> > unless defined? UNIXSocket. And there were four lines of code that checked
> > if a socket was a UNIXSocket to decide whether it's an "internal" read or
> > write, but those lines were crashing because UNIXSocket isn't even defined
> > on Windows, much less used. My fix for that was to create a marker Module
> > called "Packet::InternalSocket." Each time I created an internal socket
> > (where the code used to create a UNIXSocket) I now call socket.extend
> > Packet::InternalSocket so that later on the code can distinguish the
> > internal ones from the others.
> > 2. fork - well that's a harder matter. Windows doesn't support fork()
> > and probably never will. I saw a recent post by Hemant Kumar mentioning a
> > fix that uses fork and exec rather than just fork, but it still requires
> > fork. Simulating fork in a generic way is nearly impossible but replacing it
> > in a single application is conceivable, depending on what the app does. And
> > in this case I was able to do this:
> >  a) Leave the existing fork call there
> >  b) Fall back on IO.popen for operating systems where fork is not
> > supported
> >  What I did is for each worker I launch (instead of fork) a new child
> > process, pass the read/write port numbers to the child on the command line,
> > and wait for it to connect to them.
> >
> > Because Rails takes a long time to start up on Windows (11 seconds, ugh)
> > you can wait a pretty long time before all your workers are ready (11sec *
> > (number of workers+2)). But still, it's better than not being able to use it
> > at all. It's perfectly acceptable for a development machine, which is how I
> > use Rails on Windows. (My project is going to deploy on something that ends
> > in nix.)
> >
> > On the other hand if you're going to be dynamically creating background
> > workers (e.g. reload_on_schedule true or set_no_auto_load true) you'll wait
> > a while for the worker to start up on Windows.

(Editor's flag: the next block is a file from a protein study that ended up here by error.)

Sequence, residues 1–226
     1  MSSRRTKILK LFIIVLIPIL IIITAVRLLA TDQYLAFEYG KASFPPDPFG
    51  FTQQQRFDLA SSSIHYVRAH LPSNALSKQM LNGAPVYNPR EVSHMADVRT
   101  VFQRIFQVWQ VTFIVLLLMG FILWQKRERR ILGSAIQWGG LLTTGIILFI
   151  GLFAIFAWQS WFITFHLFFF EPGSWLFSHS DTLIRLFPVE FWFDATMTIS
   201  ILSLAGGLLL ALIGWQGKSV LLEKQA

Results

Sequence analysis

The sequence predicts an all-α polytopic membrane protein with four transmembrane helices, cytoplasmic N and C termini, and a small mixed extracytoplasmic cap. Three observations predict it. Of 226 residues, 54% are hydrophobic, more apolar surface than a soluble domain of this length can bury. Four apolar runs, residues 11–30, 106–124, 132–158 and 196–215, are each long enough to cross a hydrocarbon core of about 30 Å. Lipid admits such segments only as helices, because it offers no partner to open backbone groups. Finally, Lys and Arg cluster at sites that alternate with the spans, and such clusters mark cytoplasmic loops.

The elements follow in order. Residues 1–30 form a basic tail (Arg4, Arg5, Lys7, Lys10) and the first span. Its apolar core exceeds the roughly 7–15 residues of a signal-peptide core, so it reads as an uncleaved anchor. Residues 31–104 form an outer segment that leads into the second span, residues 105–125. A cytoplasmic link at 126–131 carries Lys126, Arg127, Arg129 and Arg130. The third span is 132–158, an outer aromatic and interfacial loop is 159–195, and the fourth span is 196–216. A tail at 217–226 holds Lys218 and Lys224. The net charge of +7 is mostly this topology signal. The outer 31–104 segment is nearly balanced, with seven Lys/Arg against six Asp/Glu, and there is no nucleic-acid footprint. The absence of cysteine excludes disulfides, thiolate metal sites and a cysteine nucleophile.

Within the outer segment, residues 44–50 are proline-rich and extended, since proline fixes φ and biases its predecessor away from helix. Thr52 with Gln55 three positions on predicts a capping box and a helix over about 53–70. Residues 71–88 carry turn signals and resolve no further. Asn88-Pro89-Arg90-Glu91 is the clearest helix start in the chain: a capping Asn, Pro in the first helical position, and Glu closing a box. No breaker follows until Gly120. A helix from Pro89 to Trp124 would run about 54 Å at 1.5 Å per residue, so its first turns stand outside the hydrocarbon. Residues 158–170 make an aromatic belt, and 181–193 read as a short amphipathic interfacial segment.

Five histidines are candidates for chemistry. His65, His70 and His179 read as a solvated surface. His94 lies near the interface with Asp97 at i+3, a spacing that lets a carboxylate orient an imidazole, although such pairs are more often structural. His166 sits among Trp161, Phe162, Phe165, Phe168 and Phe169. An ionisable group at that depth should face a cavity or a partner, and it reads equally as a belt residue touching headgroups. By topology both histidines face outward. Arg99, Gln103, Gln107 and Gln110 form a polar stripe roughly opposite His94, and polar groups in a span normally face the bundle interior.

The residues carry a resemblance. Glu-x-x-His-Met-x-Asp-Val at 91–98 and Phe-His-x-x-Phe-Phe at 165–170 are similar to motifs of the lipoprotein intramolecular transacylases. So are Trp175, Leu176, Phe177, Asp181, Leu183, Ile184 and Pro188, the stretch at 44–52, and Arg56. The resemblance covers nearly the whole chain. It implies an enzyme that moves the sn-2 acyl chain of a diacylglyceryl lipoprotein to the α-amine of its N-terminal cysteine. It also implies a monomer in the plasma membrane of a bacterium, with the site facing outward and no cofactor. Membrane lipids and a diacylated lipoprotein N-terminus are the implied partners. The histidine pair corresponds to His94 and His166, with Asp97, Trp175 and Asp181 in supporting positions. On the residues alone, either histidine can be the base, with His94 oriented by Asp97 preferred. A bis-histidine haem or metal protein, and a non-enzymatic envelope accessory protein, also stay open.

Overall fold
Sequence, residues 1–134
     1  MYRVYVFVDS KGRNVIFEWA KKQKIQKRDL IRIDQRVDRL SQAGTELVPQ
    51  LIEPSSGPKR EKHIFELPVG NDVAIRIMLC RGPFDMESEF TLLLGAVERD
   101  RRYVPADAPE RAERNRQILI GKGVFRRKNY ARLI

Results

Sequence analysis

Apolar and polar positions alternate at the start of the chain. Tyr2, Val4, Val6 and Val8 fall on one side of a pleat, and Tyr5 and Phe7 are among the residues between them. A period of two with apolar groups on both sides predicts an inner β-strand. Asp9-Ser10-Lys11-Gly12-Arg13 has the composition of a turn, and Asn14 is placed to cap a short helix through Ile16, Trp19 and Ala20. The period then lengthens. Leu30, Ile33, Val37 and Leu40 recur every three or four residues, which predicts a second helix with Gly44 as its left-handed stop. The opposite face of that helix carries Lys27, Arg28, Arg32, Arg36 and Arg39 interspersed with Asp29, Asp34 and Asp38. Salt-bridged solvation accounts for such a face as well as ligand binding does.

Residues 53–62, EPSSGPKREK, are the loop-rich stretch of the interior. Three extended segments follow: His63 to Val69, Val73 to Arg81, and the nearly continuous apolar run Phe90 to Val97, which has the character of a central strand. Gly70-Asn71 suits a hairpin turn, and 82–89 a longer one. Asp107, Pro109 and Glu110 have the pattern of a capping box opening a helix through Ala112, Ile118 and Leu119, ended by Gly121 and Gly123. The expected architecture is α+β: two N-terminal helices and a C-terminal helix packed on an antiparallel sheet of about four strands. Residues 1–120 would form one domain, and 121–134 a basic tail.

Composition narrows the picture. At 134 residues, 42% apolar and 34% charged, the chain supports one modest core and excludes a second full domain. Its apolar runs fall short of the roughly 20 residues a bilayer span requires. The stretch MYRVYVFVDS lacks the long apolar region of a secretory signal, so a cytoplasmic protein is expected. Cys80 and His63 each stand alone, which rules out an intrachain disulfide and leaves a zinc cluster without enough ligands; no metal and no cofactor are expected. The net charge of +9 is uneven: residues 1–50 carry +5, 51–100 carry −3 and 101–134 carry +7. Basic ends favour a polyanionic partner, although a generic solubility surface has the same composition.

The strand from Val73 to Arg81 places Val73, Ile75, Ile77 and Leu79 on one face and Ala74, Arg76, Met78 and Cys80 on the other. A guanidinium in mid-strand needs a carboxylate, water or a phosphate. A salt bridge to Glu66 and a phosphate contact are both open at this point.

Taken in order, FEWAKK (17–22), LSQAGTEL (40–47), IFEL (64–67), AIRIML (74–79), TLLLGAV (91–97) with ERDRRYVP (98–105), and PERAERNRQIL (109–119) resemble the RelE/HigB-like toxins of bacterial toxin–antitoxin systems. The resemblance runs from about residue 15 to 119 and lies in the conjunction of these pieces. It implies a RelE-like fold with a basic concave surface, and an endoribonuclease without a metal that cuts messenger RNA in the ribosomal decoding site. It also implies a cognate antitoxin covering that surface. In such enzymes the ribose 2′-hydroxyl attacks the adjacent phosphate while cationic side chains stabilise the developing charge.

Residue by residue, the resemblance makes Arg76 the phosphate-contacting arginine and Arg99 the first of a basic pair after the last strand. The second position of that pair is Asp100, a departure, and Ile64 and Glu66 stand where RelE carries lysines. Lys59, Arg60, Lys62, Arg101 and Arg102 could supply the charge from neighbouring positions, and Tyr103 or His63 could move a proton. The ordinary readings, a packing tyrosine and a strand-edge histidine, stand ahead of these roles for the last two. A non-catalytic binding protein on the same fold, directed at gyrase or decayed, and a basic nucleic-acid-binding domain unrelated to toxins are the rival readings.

> >
> > Will this slow startup time ever block a Rails server request? Not that
> > I've seen. From what I've seen BackgrounDRb never starts a new worker
> > process because of an API call. The only case I've seen where it starts a
> > new worker process on the fly is for a scheduled background task using the
> > cron feature. But I may have missed something.
> >
> > Another thing that I didn't implement (at least not for now): support
> > for the "start" parameter to run the background processes as hidden
> > processes. For now on Windows you just have to run script/backgroundrb
> > without the start parameter and just leave it running in a console. (But I
> > did make the error message nicer.) The reason I didn't: Ruby does not seem
> > to have implemented a way to kill a process tree in Windows. Windows doesn't
> > have a single API to kill a process tree. You can add all the processes to a
> > Job and kill that, or you can enumerate the descendants of a process and
> > kill them all one by one. I just didn't want to bother adding the code to
> > Ruby do that, at least not now, because it works well enough in a console.
> >
> > And the nice thing is Ctrl+C from the console does indeed kill the whole
> > process tree.
> >
> > That's it for now. Please let me know how to proceed so us Windows users
> > can benefit from the wonderfulness of BackgrounDRb.
> >
> > --
> > Brian Morearty
> >
> >
> --
> Brian